Adults' Emma Jane Unsworth on the biggest misconception people have about adulting 2 years ago

Adults' Emma Jane Unsworth on the biggest misconception people have about adulting

Emma Jane Unsworth has opened up about social media, 'adulting' and why she doesn't see her latest novel Adults as a coming-of-age story.

Adults, which hit shelves last month, focuses on Jenny - who is unloved, unemployable and emotionally unfiltered. Her long-suffering friends seem sick of her, and whilst her social media portrays her life as a bed of roses, it is more of a dying succulent.


And the author recently spoke to Her about her own social media habits, the biggest misconception people have about 'adulting' and the inspiration behind Adults. 

What made you want to become a writer? Was it something that you always wanted to do?

It was the only thing I wanted to do, from as early as I can remember. I can't explain why! We didn't have bookshelves in the house, and I was the first person in my family to go to university, so really I had no right or reason to expect such an arty-farty career path, but my parents always read stories to us - and I suppose my dream grew from there!


Luckily my parents were very supportive and didn't tell me I had to become a lawyer or a doctor or something altogether more sensible. I definitely wasn't very cool about wanting to be a writer, though. I used to wear a bonnet (yes, an actual bonnet that tied in a ribbon under my chin) on Sundays for family walks, because I suppose I wanted to be Charlotte Bronte or Jane Austen and I thought a bonnet was as good a start as any. My younger sister was mortified. She refused to walk next to me. I'm glad to say I don't wear a bonnet any more.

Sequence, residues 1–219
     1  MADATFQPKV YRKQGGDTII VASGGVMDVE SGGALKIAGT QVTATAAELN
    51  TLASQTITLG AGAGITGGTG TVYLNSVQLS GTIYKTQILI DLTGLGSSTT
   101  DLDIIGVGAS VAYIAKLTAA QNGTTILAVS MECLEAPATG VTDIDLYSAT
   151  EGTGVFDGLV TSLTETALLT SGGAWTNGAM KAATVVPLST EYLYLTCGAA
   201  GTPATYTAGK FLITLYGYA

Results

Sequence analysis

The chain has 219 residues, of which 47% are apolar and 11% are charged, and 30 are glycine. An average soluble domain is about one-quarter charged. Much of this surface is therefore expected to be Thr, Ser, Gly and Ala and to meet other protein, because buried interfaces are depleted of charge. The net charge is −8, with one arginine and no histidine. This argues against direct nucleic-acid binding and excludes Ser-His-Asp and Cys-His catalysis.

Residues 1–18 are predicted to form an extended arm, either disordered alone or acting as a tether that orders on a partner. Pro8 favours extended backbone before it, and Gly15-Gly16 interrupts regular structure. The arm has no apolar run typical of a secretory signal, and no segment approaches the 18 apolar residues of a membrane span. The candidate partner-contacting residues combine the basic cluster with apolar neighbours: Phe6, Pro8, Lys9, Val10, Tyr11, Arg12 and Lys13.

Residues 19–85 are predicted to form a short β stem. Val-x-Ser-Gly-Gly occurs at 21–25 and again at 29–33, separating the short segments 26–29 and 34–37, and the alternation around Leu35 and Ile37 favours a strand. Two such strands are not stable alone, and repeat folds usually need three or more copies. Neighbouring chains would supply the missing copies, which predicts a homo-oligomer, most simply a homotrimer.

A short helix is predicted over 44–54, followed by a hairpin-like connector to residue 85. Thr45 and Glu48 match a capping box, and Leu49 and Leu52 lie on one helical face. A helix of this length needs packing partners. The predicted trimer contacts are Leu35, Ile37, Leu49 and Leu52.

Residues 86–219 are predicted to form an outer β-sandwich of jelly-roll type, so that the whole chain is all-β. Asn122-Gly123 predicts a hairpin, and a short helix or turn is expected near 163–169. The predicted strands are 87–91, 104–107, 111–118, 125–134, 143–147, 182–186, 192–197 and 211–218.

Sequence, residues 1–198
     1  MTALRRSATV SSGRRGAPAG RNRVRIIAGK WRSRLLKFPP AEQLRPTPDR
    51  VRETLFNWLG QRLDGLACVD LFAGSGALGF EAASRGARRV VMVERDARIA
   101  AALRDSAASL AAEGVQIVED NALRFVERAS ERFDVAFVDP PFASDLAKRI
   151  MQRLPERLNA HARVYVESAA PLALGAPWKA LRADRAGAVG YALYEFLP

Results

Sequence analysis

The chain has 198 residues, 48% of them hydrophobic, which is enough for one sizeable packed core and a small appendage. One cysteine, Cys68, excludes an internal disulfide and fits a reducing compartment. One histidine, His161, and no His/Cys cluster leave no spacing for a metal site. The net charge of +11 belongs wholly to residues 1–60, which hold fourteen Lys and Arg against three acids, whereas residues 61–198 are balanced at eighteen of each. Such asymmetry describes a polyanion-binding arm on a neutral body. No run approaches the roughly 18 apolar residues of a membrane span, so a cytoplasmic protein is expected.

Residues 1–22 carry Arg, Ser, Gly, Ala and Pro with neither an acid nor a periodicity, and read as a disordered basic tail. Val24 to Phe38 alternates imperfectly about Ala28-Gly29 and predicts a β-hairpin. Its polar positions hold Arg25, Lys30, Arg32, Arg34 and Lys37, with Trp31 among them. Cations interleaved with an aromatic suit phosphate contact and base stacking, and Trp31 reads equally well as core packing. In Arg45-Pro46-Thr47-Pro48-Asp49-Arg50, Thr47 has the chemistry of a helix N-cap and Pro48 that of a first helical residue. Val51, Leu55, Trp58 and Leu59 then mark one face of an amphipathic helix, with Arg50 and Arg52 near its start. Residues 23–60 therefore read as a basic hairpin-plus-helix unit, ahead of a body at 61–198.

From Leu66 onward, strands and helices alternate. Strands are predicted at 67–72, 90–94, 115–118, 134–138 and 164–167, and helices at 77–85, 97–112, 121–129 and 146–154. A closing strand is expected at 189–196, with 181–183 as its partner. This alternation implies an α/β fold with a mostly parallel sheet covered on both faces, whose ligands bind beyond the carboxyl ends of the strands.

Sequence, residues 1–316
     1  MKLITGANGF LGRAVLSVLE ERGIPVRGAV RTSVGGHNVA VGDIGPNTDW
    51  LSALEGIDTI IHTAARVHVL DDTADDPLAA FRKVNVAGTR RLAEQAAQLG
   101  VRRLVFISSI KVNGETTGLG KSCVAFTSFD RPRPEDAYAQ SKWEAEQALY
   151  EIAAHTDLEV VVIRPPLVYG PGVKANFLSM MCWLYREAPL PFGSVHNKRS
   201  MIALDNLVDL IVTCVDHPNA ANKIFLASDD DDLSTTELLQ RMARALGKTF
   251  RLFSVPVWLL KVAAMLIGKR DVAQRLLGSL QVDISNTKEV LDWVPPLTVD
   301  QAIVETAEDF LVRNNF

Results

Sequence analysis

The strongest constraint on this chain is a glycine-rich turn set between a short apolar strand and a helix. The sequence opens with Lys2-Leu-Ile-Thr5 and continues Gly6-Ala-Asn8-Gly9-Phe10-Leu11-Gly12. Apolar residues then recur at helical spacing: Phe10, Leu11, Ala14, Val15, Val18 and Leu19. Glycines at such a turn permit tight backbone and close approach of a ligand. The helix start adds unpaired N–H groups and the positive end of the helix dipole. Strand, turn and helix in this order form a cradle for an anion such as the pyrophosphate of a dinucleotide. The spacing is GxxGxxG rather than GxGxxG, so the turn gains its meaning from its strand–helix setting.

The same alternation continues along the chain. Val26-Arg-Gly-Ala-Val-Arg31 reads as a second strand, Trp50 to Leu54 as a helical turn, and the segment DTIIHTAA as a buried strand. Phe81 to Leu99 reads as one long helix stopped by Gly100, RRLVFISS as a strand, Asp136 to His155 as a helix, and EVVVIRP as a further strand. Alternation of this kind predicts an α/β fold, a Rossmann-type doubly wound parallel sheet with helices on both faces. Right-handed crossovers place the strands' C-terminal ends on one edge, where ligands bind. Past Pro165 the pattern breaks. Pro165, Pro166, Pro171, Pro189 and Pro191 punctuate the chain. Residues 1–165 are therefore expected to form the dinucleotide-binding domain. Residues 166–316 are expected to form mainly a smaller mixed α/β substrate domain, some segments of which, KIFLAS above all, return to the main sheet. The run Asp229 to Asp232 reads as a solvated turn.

How did you come up with the idea for Adults? How did the writing process differ from your previous books?

I was inspired by my own mid-thirties when I suddenly found myself in the wake of a break-up, with none of the things i thought I should have by that age - a husband/boyfriend, a baby etc etc. I was also terrified by people telling me that 35 was some kind of major turning point for women, physically. (Do you know women who have babes are called "geriatric mothers" over 35?!)

I felt very confused and displaced, and very "un-grown-up".


All of this (and some casual ex stalking) caused me to spin out on social media. I think that while there are lots of great things about social media, it can be a very toxic environment when you are in a vulnerable or fragile place, and it can magnify your problems, and make you feel very alone indeed, rather ironically.

They say write what you know - well I say also write what scares you. So I thought I'd make a really fast and furious comedy out of the worst online experiences I'd had. Because I like to find comedy in the darkest places, too. And there is so much fun to be had in pulling apart the way we often interact online, which is absolutely false and ridiculous!

The story focuses on a lot of different kinds of love stories, rather than solely romantic ones: learning to love yourself, the love between friends and the love between a mother and daughter. It’s the relationship between Carmen and Jenny that takes a pretty centre stage, though - what made you want to write about a mother/daughter relationship?